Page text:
The Oklahoman argued that lawmakers should stop proposing bills that would increase incarceration and rethink Oklahoma’s long prison sentences. An Oklahoma Watch investigation showed how Oklahomans convicted of nonviolent crimes face fines and fees that are difficult, if not impossible, to pay off after prison. While several states have banned conversion therapy for minors, a controversial practice that claims to “cure” gay people, Rep. Sally Kern has filed the first state law to protect the practice. Rep. Wesselhoft has filed a bill to prevent spying with drones without a warrant or equipping drones with weapons. Arnold Hamilton argued that news coverage too often focuses on the most extreme bills filed by legislators at the expense of proposals that deserve serious attention and debate.

Dr. Gerard Clancy described how access to health care in Oklahoma is too often driven by luck. Millions of federal dollars that Oklahoma had been spending on foster care for abused and neglected children will be shifted to pay for in-home services designed to keep troubled families together under a program set to begin in July. As a result, two emergency shelters for abused and neglected children will close in the next six to nine months. During his State of the Nation address on Saturday, Muskogee Creek Nation Chief George Tiger emphasized the hundreds of millions the tribe is investing in economic development. Oklahoma’s teen birth rate has decreased, but the rate is third-highest in the nation and well above the national average, according to new data from the National Center for Health Statistics. The state Department of Adult Protective Services released numbers showing reports of elder abuse and exploitation are on the rise in Oklahoma.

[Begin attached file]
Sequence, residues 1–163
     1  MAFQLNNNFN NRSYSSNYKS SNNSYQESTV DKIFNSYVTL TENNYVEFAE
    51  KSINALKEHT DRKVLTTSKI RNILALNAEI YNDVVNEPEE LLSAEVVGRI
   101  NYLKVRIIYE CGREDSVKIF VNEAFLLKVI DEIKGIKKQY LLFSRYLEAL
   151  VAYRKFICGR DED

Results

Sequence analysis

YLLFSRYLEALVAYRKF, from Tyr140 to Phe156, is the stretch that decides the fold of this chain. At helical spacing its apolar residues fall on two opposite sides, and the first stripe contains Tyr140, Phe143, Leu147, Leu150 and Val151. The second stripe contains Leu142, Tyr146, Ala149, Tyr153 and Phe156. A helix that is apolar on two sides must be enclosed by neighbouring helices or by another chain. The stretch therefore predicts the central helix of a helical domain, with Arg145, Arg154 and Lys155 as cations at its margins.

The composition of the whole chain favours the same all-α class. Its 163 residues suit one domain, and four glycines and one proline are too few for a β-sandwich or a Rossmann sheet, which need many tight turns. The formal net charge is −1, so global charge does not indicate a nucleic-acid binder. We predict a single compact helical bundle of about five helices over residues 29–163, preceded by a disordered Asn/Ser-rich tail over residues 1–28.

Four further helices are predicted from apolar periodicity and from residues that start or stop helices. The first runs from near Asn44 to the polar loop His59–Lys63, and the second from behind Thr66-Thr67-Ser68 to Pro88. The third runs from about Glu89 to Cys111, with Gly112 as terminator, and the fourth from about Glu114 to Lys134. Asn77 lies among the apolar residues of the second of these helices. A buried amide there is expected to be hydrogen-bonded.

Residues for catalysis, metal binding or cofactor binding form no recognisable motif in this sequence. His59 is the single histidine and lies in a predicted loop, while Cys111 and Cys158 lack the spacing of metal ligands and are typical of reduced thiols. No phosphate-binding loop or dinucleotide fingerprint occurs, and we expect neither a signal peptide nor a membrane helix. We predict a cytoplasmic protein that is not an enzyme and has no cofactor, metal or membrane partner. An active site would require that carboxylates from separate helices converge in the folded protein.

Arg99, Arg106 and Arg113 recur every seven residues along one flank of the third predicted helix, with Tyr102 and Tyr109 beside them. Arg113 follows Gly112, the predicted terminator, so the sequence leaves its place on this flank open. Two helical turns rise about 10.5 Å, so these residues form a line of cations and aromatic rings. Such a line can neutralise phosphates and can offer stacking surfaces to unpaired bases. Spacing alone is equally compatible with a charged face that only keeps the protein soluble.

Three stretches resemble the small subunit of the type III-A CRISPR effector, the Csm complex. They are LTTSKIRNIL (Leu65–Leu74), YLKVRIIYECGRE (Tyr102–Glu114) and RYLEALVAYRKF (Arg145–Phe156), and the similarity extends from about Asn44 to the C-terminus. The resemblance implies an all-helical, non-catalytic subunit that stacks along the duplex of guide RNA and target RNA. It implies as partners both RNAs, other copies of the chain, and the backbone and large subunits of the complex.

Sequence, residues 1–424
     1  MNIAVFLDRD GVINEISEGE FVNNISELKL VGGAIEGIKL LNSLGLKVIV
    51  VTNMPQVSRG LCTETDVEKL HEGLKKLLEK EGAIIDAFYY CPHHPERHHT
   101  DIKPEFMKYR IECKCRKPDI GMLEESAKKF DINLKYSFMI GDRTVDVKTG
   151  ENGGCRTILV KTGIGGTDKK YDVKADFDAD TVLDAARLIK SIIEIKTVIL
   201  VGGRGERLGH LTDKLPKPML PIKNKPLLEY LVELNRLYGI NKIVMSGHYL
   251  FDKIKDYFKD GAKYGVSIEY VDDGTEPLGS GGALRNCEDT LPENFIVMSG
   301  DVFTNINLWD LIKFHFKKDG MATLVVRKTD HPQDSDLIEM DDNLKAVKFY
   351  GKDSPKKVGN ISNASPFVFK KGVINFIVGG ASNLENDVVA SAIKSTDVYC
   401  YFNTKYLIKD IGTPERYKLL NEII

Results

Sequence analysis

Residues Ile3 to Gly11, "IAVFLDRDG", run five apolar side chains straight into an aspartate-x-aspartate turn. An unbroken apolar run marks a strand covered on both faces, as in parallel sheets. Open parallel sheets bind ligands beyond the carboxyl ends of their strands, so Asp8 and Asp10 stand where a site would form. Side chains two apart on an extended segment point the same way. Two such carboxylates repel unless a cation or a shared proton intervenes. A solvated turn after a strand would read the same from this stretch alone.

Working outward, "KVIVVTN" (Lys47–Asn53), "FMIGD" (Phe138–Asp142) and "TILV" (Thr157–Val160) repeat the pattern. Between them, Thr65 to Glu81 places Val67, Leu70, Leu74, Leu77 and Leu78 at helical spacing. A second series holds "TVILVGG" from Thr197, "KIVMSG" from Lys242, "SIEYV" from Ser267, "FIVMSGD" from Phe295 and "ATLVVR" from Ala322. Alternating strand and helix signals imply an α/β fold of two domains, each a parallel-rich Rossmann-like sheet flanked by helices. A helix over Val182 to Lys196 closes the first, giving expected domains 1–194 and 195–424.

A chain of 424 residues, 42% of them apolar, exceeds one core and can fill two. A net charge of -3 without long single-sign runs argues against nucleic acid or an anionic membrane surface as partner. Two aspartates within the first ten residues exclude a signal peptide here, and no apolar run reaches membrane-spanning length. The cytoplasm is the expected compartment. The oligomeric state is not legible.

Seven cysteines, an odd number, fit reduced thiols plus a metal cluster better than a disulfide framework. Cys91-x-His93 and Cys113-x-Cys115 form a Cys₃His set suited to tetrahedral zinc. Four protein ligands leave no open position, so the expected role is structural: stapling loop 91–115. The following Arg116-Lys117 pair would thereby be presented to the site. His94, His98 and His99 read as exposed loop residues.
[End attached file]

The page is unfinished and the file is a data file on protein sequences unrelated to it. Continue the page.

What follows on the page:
The Number of the Day is the health care expenditures per capita in Oklahoma in 2011, nearly 5 percent below the US average. In today’s Policy Note, Jared Bernstein explains why the U.S. needs fairer hiring practices for those with criminal records to put the country on the path to full employment.

continue reading In The Know: Sustained low gas prices expected to force tough decisions at Capitol

The Weekly Wonk February 1, 2015

by | February 1st, 2015 | Posted in Blog | Comments (0)

the_weekly_wonkThe Weekly Wonk is a summary of Oklahoma Policy Institute’s events, publications, blog posts, and coverage. Numbers of the Day and Policy Notes are from our daily news briefing, In The KnowClick here to subscribe to In The Know.

This week, we released tools to help you decipher the Oklahoma legislature: our updated 2015 Legislative Primer, and What’s That?, a new online glossary of terms related to Oklahoma politics and government. The Oklahoman’s Editorial Board praised both features. In his Capitol Update, Steve Lewis shared how, with the start of session, months of talk will turn into legislative action.

A new report from CFED shows that while the state economy may be improving, too many Oklahomans are on the verge of financial disaster. Executive Director David Blatt explained how a $300 million shortfall will means this year’s budget will be a rocky ride, and detailed why a called-for Constitutional Convention would be dangerous foray into uncharted waters.

In his Journal Record column this week, Blatt wrote that a number of election reform proposals could address Oklahoma’s electoral participation crisis. Our report “Repairing Oklahoma’s Broken Democracy” further explores the topic. KWGS reported that our 2015 State Budget Summit paints a bleaker picture of the state budget, and noted Mickey Hepner’s comments that proposed anti-gay legislation would make Oklahoma less friendly to businesses seeking to expand into the state. The Oklahoman’s Editorial Board criticized OK Policy for noting that oil and gas industry tax breaks are costing Oklahoma more than $500 million this year alone.

Quote of the Week

“When you’ve gotten to that point when seven out of 10 are not participating, I think you have a crisis on your hands.”